College costs are driving decisions about which schools to attend, what to study and even where to live, according to a report from loan giant Sallie Mae.
Parents no longer foot the largest portion of the bill, according to the lender’s annual survey. That role goes to grants and scholarships, with student loans coming in third.
While the recession has largely passed, economic worries have not, and many families are making college choices driven by fears of tuition hikes and job losses, according to the survey.
“Parents are willing to stretch themselves,” said Sarah Ducich, Sallie Mae’s senior vice president for public policy. “It’s not that they’re willing to pay. It’s that their income is not keeping up.”
College spending per student was about $21,000 during 2012, down from a peak of $24,000 in 2010, according to the Sallie Mae-Ipsos Public Affairs report.
The annual survey of student financial aid found students earned about $6,300 in grants and scholarships to pay for college costs, taking the top spots from parents.
Parents chipped in $5,727 on average, a decrease of 35 percent since 2010.
Student loans were the third most common source to pick up the bill for courses, housing and books. The average student borrowed $8,815 in federal loans.
The rate for those loans was the subject of debate in the Senate last week, as lawmakers considered a compromise that would offer some students lower rates for the next few years but would prescribe higher rates for future classes. The Senate is expected to vote on that White House-backed compromise this week.
“Rates on every single new college loan will come down this school year, offering relief to nearly 11 million borrowers,” Education Secretary Arne Duncan said Wednesday.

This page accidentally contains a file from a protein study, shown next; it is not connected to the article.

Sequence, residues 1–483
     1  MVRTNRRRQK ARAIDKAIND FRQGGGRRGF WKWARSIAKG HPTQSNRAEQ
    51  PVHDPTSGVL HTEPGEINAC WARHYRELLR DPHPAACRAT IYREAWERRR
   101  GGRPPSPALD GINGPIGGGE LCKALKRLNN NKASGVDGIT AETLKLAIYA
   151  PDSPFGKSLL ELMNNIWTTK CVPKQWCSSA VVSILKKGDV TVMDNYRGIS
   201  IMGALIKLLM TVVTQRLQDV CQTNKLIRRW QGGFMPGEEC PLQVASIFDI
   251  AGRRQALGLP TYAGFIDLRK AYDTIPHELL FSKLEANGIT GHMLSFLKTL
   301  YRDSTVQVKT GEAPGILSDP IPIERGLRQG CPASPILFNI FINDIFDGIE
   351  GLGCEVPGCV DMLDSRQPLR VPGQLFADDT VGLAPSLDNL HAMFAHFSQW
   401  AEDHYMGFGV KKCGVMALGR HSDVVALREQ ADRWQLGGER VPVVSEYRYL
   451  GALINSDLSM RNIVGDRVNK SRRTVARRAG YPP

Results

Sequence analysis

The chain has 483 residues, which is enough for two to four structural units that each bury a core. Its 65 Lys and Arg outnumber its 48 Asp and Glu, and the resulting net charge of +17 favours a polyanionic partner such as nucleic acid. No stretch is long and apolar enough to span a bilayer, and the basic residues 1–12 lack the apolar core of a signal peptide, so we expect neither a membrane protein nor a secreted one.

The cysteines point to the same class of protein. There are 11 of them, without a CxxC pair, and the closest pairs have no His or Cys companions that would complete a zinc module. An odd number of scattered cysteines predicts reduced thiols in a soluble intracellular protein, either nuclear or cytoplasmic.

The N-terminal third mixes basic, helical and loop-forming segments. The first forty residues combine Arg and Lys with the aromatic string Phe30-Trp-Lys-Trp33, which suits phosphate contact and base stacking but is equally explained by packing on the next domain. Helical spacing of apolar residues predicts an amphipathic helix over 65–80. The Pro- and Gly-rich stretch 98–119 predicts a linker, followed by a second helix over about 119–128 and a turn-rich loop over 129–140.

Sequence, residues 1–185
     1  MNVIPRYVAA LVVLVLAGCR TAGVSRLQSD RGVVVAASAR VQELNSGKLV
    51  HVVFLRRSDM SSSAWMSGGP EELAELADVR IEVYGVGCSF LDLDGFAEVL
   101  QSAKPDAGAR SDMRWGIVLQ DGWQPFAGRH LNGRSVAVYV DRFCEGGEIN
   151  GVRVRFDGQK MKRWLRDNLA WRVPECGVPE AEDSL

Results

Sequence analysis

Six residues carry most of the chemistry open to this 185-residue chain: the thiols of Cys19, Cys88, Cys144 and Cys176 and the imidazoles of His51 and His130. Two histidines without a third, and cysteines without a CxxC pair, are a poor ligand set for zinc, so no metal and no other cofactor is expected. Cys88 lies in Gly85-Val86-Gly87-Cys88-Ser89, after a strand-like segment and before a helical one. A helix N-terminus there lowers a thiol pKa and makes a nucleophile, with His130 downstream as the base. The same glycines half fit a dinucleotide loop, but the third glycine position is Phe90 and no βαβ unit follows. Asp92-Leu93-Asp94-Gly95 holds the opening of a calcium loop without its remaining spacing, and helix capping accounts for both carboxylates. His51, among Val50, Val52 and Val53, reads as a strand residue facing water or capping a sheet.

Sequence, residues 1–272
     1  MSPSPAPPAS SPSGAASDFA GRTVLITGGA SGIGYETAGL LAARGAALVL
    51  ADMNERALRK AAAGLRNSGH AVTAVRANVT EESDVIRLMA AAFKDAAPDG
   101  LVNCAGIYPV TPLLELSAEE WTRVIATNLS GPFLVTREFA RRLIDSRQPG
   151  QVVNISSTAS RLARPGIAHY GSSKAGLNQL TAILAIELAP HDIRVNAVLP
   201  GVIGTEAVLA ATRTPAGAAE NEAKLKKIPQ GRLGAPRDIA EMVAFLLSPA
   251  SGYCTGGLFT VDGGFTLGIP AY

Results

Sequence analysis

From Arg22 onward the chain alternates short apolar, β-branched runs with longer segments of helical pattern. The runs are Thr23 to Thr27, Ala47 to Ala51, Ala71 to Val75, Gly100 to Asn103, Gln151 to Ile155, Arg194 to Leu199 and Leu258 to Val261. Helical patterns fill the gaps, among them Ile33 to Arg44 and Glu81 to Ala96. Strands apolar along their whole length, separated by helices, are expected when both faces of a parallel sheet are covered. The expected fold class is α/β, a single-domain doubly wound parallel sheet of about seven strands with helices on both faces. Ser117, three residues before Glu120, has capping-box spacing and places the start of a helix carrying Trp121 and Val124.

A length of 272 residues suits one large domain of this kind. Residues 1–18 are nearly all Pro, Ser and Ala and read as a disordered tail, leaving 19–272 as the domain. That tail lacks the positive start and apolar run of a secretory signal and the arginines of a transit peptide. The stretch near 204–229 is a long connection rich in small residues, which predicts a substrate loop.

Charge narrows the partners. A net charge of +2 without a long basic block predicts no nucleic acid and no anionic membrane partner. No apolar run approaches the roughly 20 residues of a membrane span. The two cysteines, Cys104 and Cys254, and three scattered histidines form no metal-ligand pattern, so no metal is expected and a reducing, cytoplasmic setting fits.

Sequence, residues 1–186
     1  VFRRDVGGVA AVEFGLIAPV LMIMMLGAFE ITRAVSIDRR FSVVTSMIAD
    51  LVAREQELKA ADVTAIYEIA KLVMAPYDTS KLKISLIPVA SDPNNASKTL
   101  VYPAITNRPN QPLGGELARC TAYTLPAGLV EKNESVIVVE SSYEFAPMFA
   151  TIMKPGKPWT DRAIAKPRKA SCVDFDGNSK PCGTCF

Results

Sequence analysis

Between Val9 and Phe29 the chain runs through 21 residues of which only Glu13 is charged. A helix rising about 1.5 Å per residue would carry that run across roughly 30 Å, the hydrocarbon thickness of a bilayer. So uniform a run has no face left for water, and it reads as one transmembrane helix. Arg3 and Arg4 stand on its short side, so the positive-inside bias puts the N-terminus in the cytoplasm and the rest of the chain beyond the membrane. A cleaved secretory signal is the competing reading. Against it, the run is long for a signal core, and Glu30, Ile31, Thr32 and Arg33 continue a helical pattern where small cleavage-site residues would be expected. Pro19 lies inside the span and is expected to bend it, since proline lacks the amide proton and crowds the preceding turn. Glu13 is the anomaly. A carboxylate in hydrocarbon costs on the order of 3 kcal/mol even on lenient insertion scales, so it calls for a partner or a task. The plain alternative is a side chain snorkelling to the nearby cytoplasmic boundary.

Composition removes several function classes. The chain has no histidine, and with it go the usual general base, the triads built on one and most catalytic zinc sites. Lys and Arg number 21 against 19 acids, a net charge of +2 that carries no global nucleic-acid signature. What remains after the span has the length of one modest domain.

The White House estimates the average undergraduate student would save $1,500 in interest charges if Congress acts before leaving town for the August recess. A vote has not been scheduled.
Last year, the average family turned to grants and scholarships to cover 30 percent of college costs. Parents’ income and savings covered 27 percent of the bill and student borrowing covered 18 percent.
“We have moved into a post-recession reality in how people pay for college,” Ducich said.
Parents’ enthusiasm for college has not shriveled, though. The survey found 85 percent of parents saw college bills as an investment in their children’s future.
“We’re in a new normal where big ticket items like college, families will pay for them but won’t stress about them too much,” said Cliff Young, managing director at Ipsos.
One-fifth of parents added work hours to pay for college, and half of students increased their work hours, too. The report found 57 percent of families said students were living at home or with relatives, up from 41 percent last year and 44 percent in 2011.
Among other strategies employed to deal with costs:
One-fifth of students from low-income families chose to transfer to less expensive schools.
About one-fifth of students said they changed majors to fields that were expected to be more marketable upon graduation.
In all, 67 percent of students and their families eliminated colleges at some stage during the application process because of costs, up from 58 percent in 2008.
“It forced them to adopt new behaviors of savings and ways to find nickels and dimes,” Young said.
The tuition sticker price at public four-year colleges is up 27 percent beyond overall inflation over the last five years, according to the latest figures from a separate study from the College Board. This past year, it rose nearly 5 percent to an average of $8,655 nationwide. Including room and board, the average sticker price at public colleges is now $17,860, and students pay on average $12,110. At private four-year colleges, the average full tuition price is now just under $40,000, with the average student paying $23,840.
What does that mean for the average college student?
About two-thirds of the national college class of 2011 had loan debt at graduation, and their debt averaged $26,600, according to the most recent figures from the California-based Institute for College Access and Success. That was an increase of about 5 percent from the class before them.
The Ipsos telephone poll was conducted between April 10 and May 9, with 802 parents of undergraduate students aged 18 to 24, and 800 18- to 24-year-old undergraduate students. The survey has a margin of error of plus or minus 2.5 percentage points.
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Could training in implicit bias be helpful at your institution?